‘Little Guernsey’ can become a major force in combatting climate crisis
‘LITTLE GUERNSEY’ syndrome can sometimes contaminate our thinking about global issues.
It is understandable, when faced with some of the catastrophes inflicting this planet, or conversely some of the monumental advancements driving society forward, that an individual will sit in their living room thinking ‘does what I do really make a difference?’
Fortunately, there are enough people who realise that the actions of one person can reverberate widely.
On Friday, the climate crisis was hoisted back up the agenda through student-led marches around the globe, a movement that has grown massively since Greta Thunberg began her actions.
It may be an uncomfortable and unwanted conversation for many who would rather carry on undisturbed by thoughts of any grim future ahead, but it is one that needs to be had and acted on.
Few in this debate are absolutist, most just believe in making simple shifts – eating less beef but not having to be vegan, jumping on a bike to work a few times a week when it fits their schedule – although those arguing against action too easily fall into the trap of hunting out any hint of hypocrisy in lifestyles rather than engaging in the science.
Back to Little Guernsey.
When the local branch of Extinction Rebellion held its rally in Candie Gardens this summer, speakers touched on an exciting part Guernsey could play through its involvement in the global financial markets.
The net asset value of total funds under management and administration here was £295.9bn in the second quarter of 2019.
Guernsey has a whole ecosystem built around finance and it is the financial flows which prop up the fossil fuel industry – this is the big lever that the island can help to pull to make a difference, should it want to, and potentially benefit from the shift in thinking being witnessed as more and more people wake up to the need for urgent action.
Politics works slowly, cultural lifestyle changes happen with each generation – but those who control the money and where it goes have real power to make a swift difference.
The Guernsey Green Fund is a toe in the water to provide a platform for those who want to see their money begin to make a difference.
‘The Guernsey Green Fund enhances investor access to the green investment space by providing a trusted and transparent product that contributes to the internationally agreed objectives of mitigating environmental damage and climate change,’ it says on the GFSC website.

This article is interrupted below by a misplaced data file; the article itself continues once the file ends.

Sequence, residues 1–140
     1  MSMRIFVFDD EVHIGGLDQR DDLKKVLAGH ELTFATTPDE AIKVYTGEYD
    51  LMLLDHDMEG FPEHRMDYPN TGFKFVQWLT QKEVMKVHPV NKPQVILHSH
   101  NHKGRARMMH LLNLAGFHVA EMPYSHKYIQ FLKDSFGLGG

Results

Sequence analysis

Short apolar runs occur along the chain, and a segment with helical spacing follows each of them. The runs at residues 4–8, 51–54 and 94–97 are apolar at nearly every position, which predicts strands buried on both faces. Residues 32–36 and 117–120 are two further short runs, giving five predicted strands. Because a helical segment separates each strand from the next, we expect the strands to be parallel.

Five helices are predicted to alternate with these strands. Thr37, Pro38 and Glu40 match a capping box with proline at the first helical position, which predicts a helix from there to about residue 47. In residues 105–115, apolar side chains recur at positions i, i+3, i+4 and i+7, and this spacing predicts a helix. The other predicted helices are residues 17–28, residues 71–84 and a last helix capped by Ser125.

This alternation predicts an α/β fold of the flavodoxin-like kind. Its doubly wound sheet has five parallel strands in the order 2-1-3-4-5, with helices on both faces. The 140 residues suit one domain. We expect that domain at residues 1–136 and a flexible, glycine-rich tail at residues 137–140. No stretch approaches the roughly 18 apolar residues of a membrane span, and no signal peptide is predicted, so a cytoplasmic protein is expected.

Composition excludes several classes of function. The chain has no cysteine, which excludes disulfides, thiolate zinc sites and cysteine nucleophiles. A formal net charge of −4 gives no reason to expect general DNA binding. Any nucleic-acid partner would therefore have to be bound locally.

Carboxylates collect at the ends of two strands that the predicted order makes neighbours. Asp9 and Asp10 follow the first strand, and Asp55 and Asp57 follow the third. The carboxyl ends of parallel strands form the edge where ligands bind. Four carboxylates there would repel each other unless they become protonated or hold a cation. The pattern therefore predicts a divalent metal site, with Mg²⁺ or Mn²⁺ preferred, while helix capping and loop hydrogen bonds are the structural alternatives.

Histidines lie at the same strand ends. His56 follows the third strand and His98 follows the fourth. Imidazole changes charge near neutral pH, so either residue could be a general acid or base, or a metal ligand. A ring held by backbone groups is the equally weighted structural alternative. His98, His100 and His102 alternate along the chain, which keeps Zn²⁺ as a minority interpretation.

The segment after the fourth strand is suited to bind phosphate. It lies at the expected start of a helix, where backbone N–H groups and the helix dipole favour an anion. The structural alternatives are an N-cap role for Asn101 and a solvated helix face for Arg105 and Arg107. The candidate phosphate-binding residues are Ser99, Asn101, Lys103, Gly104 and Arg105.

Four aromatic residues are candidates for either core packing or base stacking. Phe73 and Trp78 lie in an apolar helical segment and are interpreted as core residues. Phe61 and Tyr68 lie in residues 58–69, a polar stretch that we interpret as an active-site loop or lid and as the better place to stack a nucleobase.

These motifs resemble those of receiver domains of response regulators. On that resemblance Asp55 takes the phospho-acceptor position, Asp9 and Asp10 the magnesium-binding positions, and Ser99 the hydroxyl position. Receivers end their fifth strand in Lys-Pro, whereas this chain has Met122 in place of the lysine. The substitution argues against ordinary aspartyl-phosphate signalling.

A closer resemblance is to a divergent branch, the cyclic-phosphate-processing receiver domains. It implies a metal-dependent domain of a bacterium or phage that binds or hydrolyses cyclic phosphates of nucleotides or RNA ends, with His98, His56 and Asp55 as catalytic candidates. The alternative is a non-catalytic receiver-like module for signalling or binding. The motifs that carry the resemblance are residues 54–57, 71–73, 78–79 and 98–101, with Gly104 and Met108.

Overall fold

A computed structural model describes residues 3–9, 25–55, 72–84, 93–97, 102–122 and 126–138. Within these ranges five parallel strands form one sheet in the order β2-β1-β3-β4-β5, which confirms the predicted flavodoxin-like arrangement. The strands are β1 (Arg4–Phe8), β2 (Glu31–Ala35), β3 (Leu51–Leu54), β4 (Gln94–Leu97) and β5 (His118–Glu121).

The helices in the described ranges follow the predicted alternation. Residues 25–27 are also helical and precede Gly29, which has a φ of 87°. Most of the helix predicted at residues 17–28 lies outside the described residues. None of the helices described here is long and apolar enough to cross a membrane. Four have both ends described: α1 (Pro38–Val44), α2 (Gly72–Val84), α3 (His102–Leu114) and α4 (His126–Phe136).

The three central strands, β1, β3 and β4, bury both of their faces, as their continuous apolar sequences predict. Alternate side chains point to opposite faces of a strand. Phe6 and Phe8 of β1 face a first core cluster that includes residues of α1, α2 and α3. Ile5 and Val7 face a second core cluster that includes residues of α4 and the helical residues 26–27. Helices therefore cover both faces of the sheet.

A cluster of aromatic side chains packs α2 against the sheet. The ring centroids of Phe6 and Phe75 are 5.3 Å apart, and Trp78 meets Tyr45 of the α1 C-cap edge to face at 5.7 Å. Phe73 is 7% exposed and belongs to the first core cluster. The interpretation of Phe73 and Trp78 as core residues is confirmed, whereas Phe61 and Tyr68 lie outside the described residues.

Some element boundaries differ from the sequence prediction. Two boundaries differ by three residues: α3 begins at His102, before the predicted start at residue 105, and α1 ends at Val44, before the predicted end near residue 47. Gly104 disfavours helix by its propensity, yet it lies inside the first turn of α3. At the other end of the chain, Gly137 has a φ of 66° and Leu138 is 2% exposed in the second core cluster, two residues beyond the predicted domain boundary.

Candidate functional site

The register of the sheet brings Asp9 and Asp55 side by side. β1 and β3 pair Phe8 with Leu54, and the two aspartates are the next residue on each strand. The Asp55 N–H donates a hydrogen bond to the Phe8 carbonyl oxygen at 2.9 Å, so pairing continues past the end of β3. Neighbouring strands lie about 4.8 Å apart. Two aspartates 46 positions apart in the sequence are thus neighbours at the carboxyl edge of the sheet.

The GFSC has also been looking at green insurance – broadly any insurance product that reduces, or mitigates, against climate change – and how it might be supported in Guernsey.
Insurance companies are major investors. If that money can be diverted to wind farms rather than coal or oil-fired power stations, if regulatory rules can help open that door further, it is another major step in reducing emissions.
The insurance industry also has a big part of play in what projects can get built – for example, in simplistic terms, if no one will insure something, who will invest in it?
This is broad-brush thinking, but the island’s finance industry needs to adapt to survive and thrive – that means innovation and being at the head of the curve.
The States can help lead the way with the way it invests too.
It has more than £2bn in investment funds in the control of Policy & Resources and Employment & Social Security.
Where this money is invested in any detail is not public knowledge – and the States has diversified its strategies to sometimes include assessing the potential investment for its environmental impacts, social responsibility and quality of governance, in addition to the usual financial analysis.
It does not appear to be a major factor at play at the moment though – again, a toe in the water. A bold government would be much more aggressive, ensuring that it has disinvested from industries that are driving climate change.
They won’t because they want to maximise returns and the public visibility on this issue is not high.
Public pressure would need to build for any serious move in this direction, but it has happened elsewhere – institutions around the world are cutting their ties with destructive industries.
The other, although smaller, lever that the States has to pull is in overseas aid.
Tough decisions are made about where the approximately £3m. annual budget is spent, but investing in projects which not only help the immediate communities but also combat climate change, shifting the balance, could be another approach through which Little Guernsey can think bigger.
Change does not come easily, but the decarbonisation of the world economy is happening and that pace will only grow.
Guernsey can not only benefit through the innovation it can offer in the finance industry, it can also become a major force for driving that change.